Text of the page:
The 3-D film experience is nearly 13 minutes long, but the undertaking was as ambitious as any effects-laden feature. During Act III the three 70mm screens each display a frame for the right and left eye, meaning that for each given length of film, six times the normal number of frames had to be created.

Production was similarly divided into three parts. This more traditional, live action part of the shoot had to be done first so that the computer artists could reference their work to what was on film. The live action shoot that makes up most of Act II took place mostly on the blasted, post-apocalyptic landscape of an abandoned iron ore mine deep in the California desert.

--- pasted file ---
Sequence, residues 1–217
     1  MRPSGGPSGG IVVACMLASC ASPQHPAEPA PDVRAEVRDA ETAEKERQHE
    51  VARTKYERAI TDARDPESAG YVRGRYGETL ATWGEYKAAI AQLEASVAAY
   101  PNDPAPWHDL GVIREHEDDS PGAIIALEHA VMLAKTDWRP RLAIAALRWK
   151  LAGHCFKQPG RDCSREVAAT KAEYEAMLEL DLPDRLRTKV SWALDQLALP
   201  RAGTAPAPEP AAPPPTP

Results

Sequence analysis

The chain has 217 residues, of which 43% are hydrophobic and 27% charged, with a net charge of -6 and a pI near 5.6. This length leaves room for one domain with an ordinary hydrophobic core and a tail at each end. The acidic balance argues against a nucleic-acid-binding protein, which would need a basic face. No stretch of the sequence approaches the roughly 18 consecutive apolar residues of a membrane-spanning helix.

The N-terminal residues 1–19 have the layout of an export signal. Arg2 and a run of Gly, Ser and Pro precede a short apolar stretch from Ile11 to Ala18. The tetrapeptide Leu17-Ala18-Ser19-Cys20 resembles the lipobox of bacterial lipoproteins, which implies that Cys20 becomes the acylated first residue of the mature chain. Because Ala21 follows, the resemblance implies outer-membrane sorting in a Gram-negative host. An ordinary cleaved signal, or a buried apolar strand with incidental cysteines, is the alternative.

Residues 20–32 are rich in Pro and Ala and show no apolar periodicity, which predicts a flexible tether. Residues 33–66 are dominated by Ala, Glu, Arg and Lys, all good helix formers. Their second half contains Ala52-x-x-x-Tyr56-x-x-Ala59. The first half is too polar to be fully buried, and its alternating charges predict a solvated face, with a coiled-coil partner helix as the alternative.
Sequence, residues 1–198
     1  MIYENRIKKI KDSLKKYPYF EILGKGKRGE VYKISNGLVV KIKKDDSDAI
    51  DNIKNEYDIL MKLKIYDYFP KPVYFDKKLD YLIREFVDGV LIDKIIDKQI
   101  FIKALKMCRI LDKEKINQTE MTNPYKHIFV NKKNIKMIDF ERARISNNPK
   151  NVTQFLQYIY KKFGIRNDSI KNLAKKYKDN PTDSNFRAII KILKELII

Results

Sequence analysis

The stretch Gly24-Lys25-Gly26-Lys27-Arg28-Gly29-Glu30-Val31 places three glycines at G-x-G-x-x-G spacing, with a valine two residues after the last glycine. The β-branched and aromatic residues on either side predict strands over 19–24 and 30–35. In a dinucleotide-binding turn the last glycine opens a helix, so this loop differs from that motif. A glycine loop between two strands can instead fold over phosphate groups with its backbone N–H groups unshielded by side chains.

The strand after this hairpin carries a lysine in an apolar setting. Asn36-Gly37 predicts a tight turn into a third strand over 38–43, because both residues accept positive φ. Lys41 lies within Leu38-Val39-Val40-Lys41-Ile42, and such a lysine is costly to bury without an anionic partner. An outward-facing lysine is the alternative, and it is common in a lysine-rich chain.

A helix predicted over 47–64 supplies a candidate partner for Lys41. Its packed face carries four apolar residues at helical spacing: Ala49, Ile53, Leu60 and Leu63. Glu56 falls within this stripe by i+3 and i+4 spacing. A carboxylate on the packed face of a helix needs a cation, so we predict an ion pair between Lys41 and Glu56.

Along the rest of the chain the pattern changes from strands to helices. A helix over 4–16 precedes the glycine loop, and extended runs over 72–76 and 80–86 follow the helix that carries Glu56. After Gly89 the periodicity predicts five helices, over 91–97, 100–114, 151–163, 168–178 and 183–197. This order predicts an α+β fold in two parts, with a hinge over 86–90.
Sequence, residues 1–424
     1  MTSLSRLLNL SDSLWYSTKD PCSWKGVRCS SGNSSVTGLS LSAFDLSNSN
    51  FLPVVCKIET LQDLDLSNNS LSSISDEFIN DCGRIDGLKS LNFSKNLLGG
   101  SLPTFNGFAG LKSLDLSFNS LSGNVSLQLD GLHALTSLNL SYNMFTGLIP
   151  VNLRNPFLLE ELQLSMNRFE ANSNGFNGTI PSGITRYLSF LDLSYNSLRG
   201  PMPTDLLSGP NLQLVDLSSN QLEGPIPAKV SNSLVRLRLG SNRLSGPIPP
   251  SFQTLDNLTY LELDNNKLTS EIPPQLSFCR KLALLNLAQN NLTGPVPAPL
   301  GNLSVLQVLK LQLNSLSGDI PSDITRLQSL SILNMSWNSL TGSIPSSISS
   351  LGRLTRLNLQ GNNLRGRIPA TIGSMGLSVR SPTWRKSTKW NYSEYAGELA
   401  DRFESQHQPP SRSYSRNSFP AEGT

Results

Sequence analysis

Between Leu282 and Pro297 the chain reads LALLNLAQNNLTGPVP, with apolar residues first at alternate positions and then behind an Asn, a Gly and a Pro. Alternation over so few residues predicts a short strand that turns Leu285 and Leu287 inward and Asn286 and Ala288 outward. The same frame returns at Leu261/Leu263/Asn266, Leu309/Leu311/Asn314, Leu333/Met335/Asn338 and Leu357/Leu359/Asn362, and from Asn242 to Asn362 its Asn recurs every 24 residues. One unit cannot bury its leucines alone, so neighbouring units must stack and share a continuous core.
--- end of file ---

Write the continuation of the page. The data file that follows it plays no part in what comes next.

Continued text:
According to Carpenter, "We wanted to bring the traditionally static 3-D photography into the Jim Cameron universe-a kinetic and involving world. We knew it would be 3-D, but Jim felt that shooting in 65mm tells the audience that this is a cut above a regular feature. It's a more immersive experience. It's much easier to convince the audience that they've entered another world. My job was to make sure that this unwieldy format didn't have any negative stylistic impact. With Jim, that means the camera never stops."

Kinetic movement is one of Cameron's signatures. To keep the style faithful to the other Terminator films, Carpenter and the live-action unit had to move to the 450-pound twin 65mm camera rig as though it were a third of its true weight.